What is the performance you are looking to achieve? For a project on general costs, the value is to strengthen the “business partner” role of your team, while for a project focusing on the risk analysis, the value is to give an expert opinion, explaining not only the data findings, but also explaining the potential impact of different choices.
Once we have identified the aim of the project, it’s time to work out which current reports are most suitable to transform with AI, considering their current time and cost of production, the complexity of analysis, the volume of data to analyse, how well the report can be standardised and where we can see quality improvements.
The availability and security of data is the deciding factor, something that must be taken into consideration right from the from the start of the project, to ensure that the requirements for IT to exchange data aren’t beyond the capabilities of the client’s organisation.The performance equation has three other success factors.
- the extent to which we allow the user to adapt the report.
- the purpose of the report, recorded in the process that has an impact on multiple clients. For example, the IFRS9 report that is used at different times by the CEO, Finance Director and the Directors of Risk.
- the collective way of thinking and acting, a cultural change. At each level of the business people need to adapt to this new way of working.
From the first scoping workshops with the teams we contrast the current ways of working with the vision of how things will be. In this way, AI, becomes the pathway for change and for the evolution of the profession. The goal isn’t simply to implement AI as an end in itself, or just to cut costs or keep with trends.
Step Two: Deliver the project with the key people
Using an agile methodology allows us to work closely with collaborators and adapt the project as we go along. We work closely with our clients’ teams to tease out how exactly they compile and use the reports. Instead of putting them on the spot with direct questions, whose answers are difficult to come to such as “what are your analysis rules for this type of report?”, we instead discuss the usage of the report. We take time to understand their day to day processes and build up a full picture of their work together with questions such as: “What do you do?”, “How is it read?”, “What in it is important?”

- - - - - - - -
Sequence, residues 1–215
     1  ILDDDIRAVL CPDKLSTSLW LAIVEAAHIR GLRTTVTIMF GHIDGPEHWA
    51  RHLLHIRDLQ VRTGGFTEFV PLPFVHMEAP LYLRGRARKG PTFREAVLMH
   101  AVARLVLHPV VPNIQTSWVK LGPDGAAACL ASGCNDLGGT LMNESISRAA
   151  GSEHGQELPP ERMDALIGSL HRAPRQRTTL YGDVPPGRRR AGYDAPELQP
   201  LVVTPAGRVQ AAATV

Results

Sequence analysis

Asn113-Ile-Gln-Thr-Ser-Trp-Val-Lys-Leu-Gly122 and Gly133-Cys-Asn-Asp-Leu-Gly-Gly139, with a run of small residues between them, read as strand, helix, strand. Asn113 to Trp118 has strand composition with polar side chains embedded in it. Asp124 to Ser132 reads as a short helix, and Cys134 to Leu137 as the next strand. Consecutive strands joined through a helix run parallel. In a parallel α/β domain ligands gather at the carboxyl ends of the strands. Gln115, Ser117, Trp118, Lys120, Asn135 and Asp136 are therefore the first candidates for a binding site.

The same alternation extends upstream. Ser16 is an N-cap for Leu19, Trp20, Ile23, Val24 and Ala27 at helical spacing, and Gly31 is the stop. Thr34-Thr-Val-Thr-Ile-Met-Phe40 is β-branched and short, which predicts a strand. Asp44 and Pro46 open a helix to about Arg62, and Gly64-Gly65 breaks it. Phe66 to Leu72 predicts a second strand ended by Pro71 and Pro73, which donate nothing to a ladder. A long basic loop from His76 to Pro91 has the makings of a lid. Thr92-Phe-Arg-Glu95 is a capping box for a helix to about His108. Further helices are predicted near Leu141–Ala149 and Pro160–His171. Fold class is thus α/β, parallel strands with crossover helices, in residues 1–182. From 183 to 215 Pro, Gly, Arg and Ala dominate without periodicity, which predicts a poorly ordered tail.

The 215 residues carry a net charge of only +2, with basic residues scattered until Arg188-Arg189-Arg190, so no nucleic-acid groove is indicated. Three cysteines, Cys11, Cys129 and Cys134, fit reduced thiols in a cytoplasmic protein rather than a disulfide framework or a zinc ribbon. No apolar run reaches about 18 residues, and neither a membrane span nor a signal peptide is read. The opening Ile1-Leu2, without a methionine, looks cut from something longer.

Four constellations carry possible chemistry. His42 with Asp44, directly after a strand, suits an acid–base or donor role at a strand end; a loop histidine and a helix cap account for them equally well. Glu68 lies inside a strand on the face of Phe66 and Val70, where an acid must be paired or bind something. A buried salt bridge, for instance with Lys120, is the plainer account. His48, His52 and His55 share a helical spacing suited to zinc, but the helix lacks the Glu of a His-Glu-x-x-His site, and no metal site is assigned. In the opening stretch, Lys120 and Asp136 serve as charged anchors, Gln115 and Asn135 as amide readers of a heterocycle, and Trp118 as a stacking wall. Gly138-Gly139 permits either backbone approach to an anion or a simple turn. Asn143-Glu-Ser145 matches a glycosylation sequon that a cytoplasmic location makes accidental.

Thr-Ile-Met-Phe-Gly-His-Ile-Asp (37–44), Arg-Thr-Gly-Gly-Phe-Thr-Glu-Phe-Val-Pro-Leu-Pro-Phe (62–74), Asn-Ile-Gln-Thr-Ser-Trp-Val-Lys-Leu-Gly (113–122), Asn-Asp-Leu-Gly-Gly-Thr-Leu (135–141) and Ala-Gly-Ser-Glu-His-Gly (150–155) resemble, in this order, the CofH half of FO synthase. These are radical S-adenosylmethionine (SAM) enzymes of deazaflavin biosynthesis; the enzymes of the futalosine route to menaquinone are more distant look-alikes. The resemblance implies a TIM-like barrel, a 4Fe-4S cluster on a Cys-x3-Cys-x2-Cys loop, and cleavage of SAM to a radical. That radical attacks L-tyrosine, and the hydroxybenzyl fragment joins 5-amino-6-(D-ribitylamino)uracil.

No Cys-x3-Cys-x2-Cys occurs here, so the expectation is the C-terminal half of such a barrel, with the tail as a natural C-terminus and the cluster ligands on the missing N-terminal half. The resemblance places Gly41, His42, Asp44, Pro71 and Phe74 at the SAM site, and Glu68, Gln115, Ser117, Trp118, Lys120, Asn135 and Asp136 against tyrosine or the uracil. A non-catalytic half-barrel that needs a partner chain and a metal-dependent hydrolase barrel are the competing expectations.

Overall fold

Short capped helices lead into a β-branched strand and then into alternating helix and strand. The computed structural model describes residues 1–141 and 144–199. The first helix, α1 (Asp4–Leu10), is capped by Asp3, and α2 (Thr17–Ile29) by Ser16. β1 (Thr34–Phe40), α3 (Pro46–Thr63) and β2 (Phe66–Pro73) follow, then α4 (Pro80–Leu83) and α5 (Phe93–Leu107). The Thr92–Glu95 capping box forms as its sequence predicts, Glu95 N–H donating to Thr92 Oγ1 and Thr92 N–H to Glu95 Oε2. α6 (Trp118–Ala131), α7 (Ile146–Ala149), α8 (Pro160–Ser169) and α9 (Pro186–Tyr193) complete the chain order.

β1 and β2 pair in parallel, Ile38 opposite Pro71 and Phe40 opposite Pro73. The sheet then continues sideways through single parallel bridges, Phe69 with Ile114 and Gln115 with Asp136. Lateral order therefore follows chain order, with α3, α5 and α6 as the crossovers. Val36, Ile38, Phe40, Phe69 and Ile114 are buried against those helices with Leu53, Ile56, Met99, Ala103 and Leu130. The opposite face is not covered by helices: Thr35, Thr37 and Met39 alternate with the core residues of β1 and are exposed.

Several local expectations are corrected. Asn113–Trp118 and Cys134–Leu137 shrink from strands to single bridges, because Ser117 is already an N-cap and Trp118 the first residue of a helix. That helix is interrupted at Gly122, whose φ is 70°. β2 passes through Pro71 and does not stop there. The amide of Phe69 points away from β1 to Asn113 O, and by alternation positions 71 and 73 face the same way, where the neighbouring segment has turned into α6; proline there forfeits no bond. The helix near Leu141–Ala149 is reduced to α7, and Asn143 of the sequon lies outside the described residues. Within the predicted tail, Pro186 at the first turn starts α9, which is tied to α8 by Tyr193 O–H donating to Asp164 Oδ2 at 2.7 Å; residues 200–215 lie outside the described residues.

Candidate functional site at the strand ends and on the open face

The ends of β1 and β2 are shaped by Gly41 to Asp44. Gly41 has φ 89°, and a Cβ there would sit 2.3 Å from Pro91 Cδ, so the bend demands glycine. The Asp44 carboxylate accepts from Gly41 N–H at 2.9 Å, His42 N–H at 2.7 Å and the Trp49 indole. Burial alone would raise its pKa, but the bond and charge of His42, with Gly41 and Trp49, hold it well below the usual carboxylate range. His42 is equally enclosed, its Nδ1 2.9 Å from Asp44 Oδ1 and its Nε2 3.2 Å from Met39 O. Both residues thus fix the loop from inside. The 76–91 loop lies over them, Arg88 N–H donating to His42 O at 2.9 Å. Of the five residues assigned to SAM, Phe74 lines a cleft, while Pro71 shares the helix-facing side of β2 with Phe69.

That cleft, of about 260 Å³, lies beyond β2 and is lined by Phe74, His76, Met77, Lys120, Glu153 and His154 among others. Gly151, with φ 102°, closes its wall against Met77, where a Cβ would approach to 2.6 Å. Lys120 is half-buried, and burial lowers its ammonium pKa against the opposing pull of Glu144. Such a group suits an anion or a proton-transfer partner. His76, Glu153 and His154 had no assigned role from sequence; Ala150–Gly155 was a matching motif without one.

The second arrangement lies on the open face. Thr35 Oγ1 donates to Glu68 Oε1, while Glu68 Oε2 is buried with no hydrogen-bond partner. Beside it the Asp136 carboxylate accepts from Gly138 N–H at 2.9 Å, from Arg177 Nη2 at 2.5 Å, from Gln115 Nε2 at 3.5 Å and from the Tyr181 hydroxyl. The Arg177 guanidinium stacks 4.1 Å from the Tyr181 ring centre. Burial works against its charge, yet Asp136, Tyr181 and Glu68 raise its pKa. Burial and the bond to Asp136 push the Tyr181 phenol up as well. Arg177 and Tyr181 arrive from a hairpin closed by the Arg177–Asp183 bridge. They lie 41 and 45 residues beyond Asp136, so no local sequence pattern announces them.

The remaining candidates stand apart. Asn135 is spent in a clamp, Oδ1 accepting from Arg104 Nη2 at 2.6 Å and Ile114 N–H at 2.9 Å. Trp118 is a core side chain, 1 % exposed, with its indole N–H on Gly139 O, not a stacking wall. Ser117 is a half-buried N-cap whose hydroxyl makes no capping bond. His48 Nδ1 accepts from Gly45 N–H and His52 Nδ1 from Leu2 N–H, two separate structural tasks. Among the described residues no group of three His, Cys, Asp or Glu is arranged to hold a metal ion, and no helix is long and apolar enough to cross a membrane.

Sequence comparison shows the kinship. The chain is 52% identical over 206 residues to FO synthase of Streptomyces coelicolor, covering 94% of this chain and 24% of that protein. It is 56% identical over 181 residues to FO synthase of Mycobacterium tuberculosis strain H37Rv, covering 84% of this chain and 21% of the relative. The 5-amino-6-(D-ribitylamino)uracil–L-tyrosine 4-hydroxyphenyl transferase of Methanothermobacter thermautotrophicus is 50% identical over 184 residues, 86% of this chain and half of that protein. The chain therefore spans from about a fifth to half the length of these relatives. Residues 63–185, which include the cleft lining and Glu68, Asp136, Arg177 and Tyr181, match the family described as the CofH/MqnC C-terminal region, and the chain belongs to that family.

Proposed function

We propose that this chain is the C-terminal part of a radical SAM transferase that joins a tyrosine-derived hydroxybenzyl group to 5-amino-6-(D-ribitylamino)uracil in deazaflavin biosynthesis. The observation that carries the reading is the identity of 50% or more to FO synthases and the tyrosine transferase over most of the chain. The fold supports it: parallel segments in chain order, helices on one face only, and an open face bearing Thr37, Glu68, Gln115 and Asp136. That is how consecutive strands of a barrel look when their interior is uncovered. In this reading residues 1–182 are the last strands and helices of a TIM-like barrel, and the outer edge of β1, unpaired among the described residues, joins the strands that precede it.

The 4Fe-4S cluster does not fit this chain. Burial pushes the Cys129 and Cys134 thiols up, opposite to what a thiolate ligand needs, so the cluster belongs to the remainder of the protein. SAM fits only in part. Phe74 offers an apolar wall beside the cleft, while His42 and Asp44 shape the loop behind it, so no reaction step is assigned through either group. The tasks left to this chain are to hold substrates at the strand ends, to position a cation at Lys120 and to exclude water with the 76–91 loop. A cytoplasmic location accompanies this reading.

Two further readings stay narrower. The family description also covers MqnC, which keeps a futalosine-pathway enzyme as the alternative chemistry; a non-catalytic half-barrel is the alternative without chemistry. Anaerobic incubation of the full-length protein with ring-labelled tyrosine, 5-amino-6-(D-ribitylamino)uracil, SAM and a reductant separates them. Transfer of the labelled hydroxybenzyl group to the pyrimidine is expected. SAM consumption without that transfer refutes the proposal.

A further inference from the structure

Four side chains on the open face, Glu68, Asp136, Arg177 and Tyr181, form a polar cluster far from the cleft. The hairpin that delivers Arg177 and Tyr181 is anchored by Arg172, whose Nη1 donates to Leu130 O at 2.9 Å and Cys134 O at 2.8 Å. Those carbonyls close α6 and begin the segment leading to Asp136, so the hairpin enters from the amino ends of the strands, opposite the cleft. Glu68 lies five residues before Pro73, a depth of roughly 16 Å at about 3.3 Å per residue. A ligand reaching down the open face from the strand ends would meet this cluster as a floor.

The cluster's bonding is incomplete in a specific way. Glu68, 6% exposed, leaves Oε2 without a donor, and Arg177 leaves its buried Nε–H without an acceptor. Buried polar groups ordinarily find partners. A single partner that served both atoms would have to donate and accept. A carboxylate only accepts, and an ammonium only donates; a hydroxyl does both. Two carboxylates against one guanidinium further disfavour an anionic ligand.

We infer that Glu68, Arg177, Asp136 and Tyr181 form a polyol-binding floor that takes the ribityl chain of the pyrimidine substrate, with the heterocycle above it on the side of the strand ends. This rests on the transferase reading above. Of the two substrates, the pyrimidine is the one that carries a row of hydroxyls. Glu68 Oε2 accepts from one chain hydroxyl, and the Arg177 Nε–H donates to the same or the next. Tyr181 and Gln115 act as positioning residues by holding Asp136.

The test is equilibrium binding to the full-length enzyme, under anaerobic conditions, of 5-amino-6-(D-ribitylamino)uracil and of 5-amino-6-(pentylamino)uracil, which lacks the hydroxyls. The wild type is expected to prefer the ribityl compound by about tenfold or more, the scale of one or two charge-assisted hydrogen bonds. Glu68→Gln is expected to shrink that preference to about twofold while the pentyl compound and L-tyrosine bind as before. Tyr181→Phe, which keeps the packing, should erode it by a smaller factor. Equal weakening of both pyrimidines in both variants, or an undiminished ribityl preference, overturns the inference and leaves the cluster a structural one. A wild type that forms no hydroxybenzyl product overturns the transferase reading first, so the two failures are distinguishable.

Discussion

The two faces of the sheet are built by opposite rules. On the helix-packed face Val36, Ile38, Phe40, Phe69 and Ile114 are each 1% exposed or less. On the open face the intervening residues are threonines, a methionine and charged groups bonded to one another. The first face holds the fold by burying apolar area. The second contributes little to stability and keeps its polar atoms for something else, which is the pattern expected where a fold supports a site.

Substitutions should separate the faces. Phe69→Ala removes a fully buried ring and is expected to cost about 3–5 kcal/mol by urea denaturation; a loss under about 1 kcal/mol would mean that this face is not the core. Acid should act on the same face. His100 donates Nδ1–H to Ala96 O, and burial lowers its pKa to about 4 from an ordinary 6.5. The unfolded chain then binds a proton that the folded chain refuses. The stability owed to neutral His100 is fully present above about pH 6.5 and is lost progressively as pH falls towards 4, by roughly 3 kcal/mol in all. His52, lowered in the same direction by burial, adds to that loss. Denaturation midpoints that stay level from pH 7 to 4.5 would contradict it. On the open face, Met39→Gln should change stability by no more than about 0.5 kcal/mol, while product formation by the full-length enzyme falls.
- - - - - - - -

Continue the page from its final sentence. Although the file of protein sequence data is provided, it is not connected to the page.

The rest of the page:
Yseop’s AI system produces a first draft of the report, which is enriched over the course of workshops as we work on a turn of phrase that is clear to everyone. As always continuing the discussion is at the heart of what we do: “I wouldn’t have said it like that”, “what would you like to read when it’s published”, “In reality, we need to take this variable into account”.
As they discover more about the possibilities of AI the teams come up with more business rules, and ways to tailor the analysis. The active involvement of the business experts throughout this process is essential in producing a successful solution the goes beyond being a simple reproduction of the original report.
Step Three: put in place the transformation of the profession – new ways of working, and new aims.
Over the course of the workshops we work with the teams on how they can use their new potentials, in particular the time that will be freed up in through the automation of report writing. How best can they use this newfound capacity? What would most benefit their clients and colleagues? How should their days now be structured? For some, the change in their daily role is a significant disruption. From the start of the project the management underlines this sense of evolution, while outlining the new duties.
On one of our projects on general costs, we needed to define a whole new way of working for team, who for the first time would have the time to interact with other business units.
Step Four: Scale and cement a sustainable performance
Standardising the projects is what really delivers the return on investment for the teams we work with. In order to bring immediate value, we think of industrialisation in a series of stages. The first is to create a pilot that the team can use. This is made using information from your company, which plays a big role in the project form the outset. This can be extended to create a whole family of reports which can be quickly created, neutralising costs and boosting the ROI.